STEM education has its foot down in several teaching areas, and one that has proved to be the most useful is Project Based Learning. A lot of students today are not exactly cut-out for the competition that the advancement of education provides. Not just that, students are vulnerable to the complexities that today’s economy might present. Project Based Learning (PBL) helps students to get fully equipped so as to deal with conflicts using practical application.
What is Project Based Learning?
Project Based Learning, PBL for short, is a learning method in which students are given an opportunity to analyse a real-world and develop a suitable solution for the same. It is a very effective way to acquire a complete understanding of academic, personal and career success and prepares young minds to take on the challenges of their lives and change the world to suit their intelligence. Buck Institute for Education provides a perfect guide for both teachers and students to understand the concepts of PBL.
Project-based learning is a form of student-oriented instructed learning that is designed especially for those willing to learn. PBL also gives teachers a wide window of creativity that can be applied while framing courses for students while keeping their needs in mind. Here, we are going to talk about some techniques that can help teachers make their classrooms interesting and full of knowledge. Before we dive into the pool of learning that PBL is, it is important to understand that it’s an integral part of STEM education.
PBL learning methods come with a lot of possibilities. It can train your students to find discipline and direction in both their academics and personal life. Here are a few ways in which PBL can help students reach great heights:
Group work almost always ensures that the work will get done on time. Not only that, but it also makes sure that your students will engage in thought-provoking discussions. Working in teams makes it easier for students to find classmates with common interests; they can work with much more conviction. Designing PBL projects so as to fit teamwork won’t just serve the purpose of learning, but the application as well. Teams need to be structured in a way that the target of our project is fulfilled. Whether the target is academic ability, collaboration skill, or socio-emotional purposes, a PBL project for a group can cover everything.
Reflecting and Goal-Oriented approach
Reflection is an important part of PBL. Throughout the project, students should be given opportunities to reflect on their work and set goals for what comes next. This is a good chance for them to customise their learning goals and for teachers to provide them with instructions specific to the goals that they have set. Teachers can have students talk about what they have learned so far in particular subjects and what they would still like to learn. This not only keeps them engaged, but it also makes them hungry for knowledge. The teacher will know exactly what sparks students’ interest the most. This will help the teachers derive activities to help students learn what they need to learn, along with what they want to learn.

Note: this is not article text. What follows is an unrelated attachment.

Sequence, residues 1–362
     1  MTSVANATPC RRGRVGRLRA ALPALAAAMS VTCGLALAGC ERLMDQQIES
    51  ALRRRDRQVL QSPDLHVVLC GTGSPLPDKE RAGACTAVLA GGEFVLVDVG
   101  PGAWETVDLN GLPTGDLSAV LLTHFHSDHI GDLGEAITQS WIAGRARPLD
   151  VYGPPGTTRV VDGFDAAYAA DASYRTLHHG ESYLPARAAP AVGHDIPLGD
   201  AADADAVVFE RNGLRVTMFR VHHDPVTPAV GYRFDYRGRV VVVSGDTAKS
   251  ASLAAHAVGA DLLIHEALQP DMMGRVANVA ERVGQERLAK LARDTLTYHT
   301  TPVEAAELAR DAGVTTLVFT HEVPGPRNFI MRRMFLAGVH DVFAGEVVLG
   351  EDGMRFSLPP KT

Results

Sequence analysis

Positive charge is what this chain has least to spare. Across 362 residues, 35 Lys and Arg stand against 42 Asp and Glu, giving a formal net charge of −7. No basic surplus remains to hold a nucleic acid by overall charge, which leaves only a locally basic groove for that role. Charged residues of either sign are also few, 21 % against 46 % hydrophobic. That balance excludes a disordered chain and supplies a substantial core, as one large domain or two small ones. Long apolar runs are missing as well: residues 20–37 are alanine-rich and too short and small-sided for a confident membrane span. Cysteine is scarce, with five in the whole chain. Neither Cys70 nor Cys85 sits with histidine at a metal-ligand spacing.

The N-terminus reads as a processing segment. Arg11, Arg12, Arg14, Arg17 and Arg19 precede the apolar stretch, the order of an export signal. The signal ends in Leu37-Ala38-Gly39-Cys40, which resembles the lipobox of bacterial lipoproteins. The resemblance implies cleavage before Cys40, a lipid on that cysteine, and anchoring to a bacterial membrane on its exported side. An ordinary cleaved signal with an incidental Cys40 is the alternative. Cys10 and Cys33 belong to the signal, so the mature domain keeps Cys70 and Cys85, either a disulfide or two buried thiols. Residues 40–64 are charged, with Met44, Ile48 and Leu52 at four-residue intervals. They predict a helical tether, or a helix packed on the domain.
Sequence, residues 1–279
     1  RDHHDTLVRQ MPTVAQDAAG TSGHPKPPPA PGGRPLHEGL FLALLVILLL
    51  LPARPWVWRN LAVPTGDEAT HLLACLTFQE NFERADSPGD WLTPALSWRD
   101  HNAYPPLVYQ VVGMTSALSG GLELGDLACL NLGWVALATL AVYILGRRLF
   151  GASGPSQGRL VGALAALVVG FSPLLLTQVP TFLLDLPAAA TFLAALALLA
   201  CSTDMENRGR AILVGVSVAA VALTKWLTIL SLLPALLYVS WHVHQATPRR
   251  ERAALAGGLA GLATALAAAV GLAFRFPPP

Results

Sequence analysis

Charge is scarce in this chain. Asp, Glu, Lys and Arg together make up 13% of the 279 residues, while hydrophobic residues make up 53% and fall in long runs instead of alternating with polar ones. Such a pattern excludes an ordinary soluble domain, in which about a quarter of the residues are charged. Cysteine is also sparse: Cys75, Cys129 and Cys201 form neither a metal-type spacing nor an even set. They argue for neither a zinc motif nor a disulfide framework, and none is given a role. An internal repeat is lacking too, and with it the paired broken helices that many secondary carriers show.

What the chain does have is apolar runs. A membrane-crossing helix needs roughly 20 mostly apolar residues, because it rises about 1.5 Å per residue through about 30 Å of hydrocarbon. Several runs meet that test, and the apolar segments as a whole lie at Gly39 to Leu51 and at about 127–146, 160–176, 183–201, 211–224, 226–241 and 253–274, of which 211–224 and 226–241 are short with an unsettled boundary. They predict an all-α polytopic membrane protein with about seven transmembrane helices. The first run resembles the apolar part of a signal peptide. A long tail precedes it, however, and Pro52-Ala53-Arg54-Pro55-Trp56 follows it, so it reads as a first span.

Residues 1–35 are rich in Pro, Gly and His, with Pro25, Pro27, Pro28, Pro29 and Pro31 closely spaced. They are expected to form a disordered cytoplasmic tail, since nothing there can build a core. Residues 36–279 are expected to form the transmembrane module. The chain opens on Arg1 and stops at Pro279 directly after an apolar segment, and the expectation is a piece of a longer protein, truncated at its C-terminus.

Bifurcation of Lessons, Centers, and Resources
This is the most important and fun of all. Teachers have often noticed that their students get bored with long lectures that can turn into tedious learning lessons. To prevent your students from losing interest in learning, you can bifurcate your lessons into short topics and then engage in interactive sessions with your students. Not only does it keep your students interested, but it’s also an effective way to manage time. In addition to being a great management strategy to prevent “time sucks” in class, mini-lessons and centers are a great way to differentiate instruction. You can also offer mini-lessons or centre work to back your students’ learning or inform them about a variety of resources from which to learn. These resources can include videos, games, and readings. Students move effortlessly from product work to learning stations, resources, and mini-lessons based on what they are taught. Students get so comfortable with their learning that sometimes they are able to own up to it, and the teachers can instruct them without any assumptions whatsoever.
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The Procedia – Social and Behavioural Sciences states that conventional learning, first-stage PBL, and second-stage PBL have a significant impact on students’ knowledge and their interest in learning. They’ve used different types of tests to come to the conclusion that PBL is only going to benefit students and help them grow in all realms of learning. The whole account of their research is mentioned here.
The National Center for Biotechnology Information (NCBI), a part of the United States National Library of Medicine (NLM), says in their assessment of the Effectiveness of Problem-based Learning that 86.3% of students give a positive feedback on all the items assessing the benefits of PBL approach.
In a Nutshell
PBL helps students focus on areas that are crucial for growth and development of their own minds and the world around them. PBL, as we’ve concluded earlier, is a very important component of STEM. Not only is it important, it also fits the needs of a STEM-oriented institution perfectly. Teachers should motivate their students to engage more and more in problem-solving and logging into the creative recesses of their minds. PBL is backed by enough evidence so as to get both teachers and parents to support its implementation. More than anything, it strengthens student-teacher bonds and reduces the possible creative and generation gap between them.